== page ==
The headlines in the case were sadly familiar. An angry adult armed with a gun used it to shoot and kill an unarmed Black teenager he thought seemed "bad" - this time, because the teenager and his friends were sitting in a car listening to music the grownup didn’t like. In this outrageous Florida case a middle-aged White man, Michael Dunn, was convicted of three counts of attempted murder and one count of shooting a gun into an occupied car. Jurors agreed he faced no threat after he was annoyed by loud music-coming from a car he had deliberately chosen to park next to-and then started an argument, pulled a gun on the car’s Black teens, and fired three shots at the young men inside the car as they tried to drive away from him.
But the jury could not agree on the most serious charge of first-degree murder for shooting the first seven bullets at the stationary car and hitting 17-year-old Jordan Davis in his lung, liver, and aorta. Florida’s notorious "Stand Your Ground" law which gives gun owners a license to kill if they feel threatened was allegedly enough for three jurors to vote against conviction. At least one juror said she believed Michael Dunn did get away with murder: "There is no longer a Jordan Davis, and there is only one reason why that is. The boy was shot and killed for reasons that should not have happened."
In an interview with Good Morning America Jordan’s mother, Lucia McBath, said she believed the jurors in her son’s case did the best they could with the laws they had, but also made it clear she believes our nation’s existing laws did not protect Jordan or millions of other victims of gun violence in America. When asked what justice for her son would look like she answered: "Justice for Jordan will be, ultimately, really when we change the laws. Because that will be not just justice for Jordan, and justice for Trayvon, and justice for all the children at Sandy Hook, and justice for Aurora, and justice for Virginia Tech, and the Navy Yard-it will be justice for everyone that has suffered because of these laws, and will continue to suffer. So once the laws are changed, that’s the ultimate justice for all."
Researchers at Texas A&M University studied the impact of Stand Your Ground laws, like the one enacted in Florida in 2005, across the country and concluded in a 2012 study that "the laws do not deter burglary, robbery, or aggravated assault" but do "lead to a statistically significant 8 percent net increase in the number of reported murders and non-negligent manslaughters."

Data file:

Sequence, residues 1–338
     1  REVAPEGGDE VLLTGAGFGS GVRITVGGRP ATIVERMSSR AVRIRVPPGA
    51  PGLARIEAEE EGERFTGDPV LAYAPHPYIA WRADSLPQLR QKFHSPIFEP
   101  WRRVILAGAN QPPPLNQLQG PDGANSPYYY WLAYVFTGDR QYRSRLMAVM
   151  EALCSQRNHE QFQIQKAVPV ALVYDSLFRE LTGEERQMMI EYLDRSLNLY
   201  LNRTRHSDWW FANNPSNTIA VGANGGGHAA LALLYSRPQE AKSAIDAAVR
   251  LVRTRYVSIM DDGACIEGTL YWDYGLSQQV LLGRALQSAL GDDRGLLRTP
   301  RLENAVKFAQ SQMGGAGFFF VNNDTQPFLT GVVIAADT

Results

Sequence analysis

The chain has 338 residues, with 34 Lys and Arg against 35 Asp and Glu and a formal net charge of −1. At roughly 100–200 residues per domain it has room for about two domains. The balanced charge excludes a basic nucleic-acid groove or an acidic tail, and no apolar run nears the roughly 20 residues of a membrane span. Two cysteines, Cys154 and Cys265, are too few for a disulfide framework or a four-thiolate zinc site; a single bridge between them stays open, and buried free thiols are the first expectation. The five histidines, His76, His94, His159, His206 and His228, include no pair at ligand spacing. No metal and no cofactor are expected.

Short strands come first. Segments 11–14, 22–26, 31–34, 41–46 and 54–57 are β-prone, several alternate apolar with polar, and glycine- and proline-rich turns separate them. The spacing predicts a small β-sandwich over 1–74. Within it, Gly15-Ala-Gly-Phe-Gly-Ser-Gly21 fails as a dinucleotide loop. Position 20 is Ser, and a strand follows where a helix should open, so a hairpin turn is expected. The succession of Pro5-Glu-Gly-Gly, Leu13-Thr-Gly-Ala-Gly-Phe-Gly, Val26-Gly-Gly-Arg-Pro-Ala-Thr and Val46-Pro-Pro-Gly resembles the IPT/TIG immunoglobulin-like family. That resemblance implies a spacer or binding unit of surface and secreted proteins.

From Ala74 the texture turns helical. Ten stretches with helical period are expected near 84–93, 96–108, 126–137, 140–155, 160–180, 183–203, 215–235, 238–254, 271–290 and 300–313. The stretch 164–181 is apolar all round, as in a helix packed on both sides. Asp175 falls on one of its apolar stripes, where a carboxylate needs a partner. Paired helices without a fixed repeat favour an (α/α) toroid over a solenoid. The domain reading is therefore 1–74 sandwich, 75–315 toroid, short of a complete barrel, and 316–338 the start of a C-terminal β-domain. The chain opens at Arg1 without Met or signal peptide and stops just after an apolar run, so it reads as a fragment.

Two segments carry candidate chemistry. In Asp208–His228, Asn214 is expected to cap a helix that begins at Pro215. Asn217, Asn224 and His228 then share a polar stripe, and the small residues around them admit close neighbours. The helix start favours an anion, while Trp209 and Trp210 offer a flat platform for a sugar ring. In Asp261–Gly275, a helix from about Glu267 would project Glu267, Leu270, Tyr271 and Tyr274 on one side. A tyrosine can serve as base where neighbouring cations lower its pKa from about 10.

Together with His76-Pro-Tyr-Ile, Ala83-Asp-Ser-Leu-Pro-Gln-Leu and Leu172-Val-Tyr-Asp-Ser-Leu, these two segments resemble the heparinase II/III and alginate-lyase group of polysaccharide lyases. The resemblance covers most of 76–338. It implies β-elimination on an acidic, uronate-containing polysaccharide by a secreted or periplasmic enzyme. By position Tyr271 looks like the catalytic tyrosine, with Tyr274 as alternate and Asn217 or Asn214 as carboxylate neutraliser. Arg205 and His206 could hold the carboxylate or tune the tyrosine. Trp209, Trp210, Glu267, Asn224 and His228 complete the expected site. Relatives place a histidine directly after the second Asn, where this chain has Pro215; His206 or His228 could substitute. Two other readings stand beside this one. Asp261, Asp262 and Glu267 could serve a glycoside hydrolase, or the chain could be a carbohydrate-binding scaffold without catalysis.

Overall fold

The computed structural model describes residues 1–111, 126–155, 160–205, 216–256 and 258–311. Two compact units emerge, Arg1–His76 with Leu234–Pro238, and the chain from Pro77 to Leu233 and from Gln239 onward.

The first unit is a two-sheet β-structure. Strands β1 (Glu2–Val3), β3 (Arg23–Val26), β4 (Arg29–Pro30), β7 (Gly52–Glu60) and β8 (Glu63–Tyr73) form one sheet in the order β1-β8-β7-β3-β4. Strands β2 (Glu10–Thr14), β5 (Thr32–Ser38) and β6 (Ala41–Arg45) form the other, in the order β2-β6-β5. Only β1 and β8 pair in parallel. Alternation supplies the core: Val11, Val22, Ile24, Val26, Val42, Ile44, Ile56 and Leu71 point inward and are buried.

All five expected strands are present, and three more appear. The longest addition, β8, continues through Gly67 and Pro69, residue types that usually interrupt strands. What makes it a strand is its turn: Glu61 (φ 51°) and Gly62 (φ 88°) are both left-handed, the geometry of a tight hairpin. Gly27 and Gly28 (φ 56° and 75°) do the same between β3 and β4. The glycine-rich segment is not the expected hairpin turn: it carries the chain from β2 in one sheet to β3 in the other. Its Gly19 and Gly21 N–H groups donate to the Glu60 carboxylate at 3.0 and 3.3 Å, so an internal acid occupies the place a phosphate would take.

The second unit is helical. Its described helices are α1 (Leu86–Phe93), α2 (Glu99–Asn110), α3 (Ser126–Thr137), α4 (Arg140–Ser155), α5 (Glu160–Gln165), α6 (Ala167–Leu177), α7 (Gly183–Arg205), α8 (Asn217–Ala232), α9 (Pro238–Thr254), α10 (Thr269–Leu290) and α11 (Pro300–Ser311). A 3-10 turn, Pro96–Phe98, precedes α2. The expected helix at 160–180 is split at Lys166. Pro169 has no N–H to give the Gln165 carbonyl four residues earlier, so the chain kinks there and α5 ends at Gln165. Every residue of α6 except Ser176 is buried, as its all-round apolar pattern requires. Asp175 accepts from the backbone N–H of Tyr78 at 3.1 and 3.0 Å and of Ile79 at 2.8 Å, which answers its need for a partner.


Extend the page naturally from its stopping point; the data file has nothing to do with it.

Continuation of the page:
Evidence is also clear that these laws have a disparate racial impact. Researchers from the Urban Institute found that when White shooters kill Black victims, 34 percent of the homicides are deemed justifiable, while only 3.3 percent are ruled justifiable when the situation is reversed.
Now researchers from the Johns Hopkins Center for Gun Policy and Research have released the results of a new study on the effectiveness of another crucial segment of our nation’s gun laws: those requiring background checks before purchasing a gun. For this study the scholars took a close look at the state of Missouri’s 2007 repeal of its permit-to-purchase law. Before it was repealed this law required all handgun purchasers in Missouri to obtain a license verifying that they had passed a background check. The researchers wanted to know what happened when this requirement was taken away-and they learned that repealing that law has led to a 16 percent increase in Missouri’s murder rate. The study showed between 2008 and 2012 there were an additional 55 to 63 murders in Missouri each year associated with the law’s repeal. During those same years, the national murder rate dropped by over 5 percent.